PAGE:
Brian Haw, peace campaigner, born 1949 - died 18 June 2011
Brian Haw, world renowned peace campaigner, has died of cancer after a long illness. He camped outside the British parliament for ten years, in protest at the wars waged -- under the guise of the "war on terror" -- in Afghanistan, Iraq and elsewhere.
Brian became such a thorn in the side of the establishment that MPs introduced a law excluding protests within one mile of parliament without permission, failing to anticipate that their restriction could not be applied retrospectively to Brian, who carried on his highly visible protest in Parliament Square regardless.
Brian's courage and persistence was an inspiration to peace campaigners across the world, and his highly visible encampment became a focus for vistors to London, wishing to register in person their admiration and support.
In January 2007, artist Mark Wallinger recreated Brian's Parliament Square protest in its entirety as an exhibition at Tate Britain. Titled State Britain, it was a painstaking reconstruction of the display confiscated by the Metropolitan Police in 2006, and included 500 weather-worn banners, photos, peace flags, and messages from well-wishers collected by Brian over the duration of his peace protest.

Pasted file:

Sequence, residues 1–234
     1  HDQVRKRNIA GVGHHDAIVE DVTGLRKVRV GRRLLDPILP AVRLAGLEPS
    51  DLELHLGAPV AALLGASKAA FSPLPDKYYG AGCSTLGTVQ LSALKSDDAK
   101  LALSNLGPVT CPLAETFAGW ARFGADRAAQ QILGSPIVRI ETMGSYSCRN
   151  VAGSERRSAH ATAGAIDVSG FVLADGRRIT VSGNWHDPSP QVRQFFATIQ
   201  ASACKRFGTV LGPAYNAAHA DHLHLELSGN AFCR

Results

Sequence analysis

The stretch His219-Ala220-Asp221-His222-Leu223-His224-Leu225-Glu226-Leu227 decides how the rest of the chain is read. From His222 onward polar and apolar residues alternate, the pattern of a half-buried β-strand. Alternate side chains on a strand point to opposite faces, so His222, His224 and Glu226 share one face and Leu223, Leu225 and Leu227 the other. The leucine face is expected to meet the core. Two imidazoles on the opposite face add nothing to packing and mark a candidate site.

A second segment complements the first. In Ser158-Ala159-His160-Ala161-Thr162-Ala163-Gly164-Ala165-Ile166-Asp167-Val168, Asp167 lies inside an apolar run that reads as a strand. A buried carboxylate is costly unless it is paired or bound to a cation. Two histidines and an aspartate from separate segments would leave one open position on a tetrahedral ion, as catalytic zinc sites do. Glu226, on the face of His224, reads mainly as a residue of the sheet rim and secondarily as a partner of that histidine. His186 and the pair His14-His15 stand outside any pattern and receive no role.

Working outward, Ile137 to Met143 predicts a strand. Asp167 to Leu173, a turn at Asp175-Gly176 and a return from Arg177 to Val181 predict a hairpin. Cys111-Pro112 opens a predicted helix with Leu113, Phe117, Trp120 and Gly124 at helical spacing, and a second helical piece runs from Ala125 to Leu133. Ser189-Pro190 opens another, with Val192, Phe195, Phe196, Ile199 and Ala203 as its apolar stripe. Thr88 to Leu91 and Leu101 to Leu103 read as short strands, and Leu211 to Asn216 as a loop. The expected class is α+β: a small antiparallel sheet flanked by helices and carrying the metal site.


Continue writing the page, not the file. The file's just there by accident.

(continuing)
In December 2007, Mark Wallinger was awarded the prestigious Turner Art Prize for his State Britain commemoration of Brian's iconic presence confronting parliament day and night.
Also in 2007, Brian was awarded the Channel 4 News award for Most Inspiring Political Figure of the Year. Among the other nominees was Tony Blair, whose war crimes were a specific target for Brian's protest over the years.
Brian spoke many times on Stop the War Coalition platforms, always with his consistent compassion and anger at the crimes committed in our name by our political leaders. He will be remembered long after the MPs, who walked past his peace camp outside parliament, and disgracefully voted to take Britain into all the US initiated wars.